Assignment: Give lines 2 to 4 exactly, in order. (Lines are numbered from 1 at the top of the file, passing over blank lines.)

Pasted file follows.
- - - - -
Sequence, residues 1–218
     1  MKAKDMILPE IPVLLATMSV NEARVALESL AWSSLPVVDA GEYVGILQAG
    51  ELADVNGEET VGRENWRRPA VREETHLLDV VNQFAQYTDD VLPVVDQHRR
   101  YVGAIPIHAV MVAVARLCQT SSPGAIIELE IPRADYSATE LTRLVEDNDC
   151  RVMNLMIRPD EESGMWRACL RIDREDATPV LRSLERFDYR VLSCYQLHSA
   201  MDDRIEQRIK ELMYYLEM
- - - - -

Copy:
     1  MKAKDMILPE IPVLLATMSV NEARVALESL AWSSLPVVDA GEYVGILQAG
    51  ELADVNGEET VGRENWRRPA VREETHLLDV VNQFAQYTDD VLPVVDQHRR
   101  YVGAIPIHAV MVAVARLCQT SSPGAIIELE IPRADYSATE LTRLVEDNDC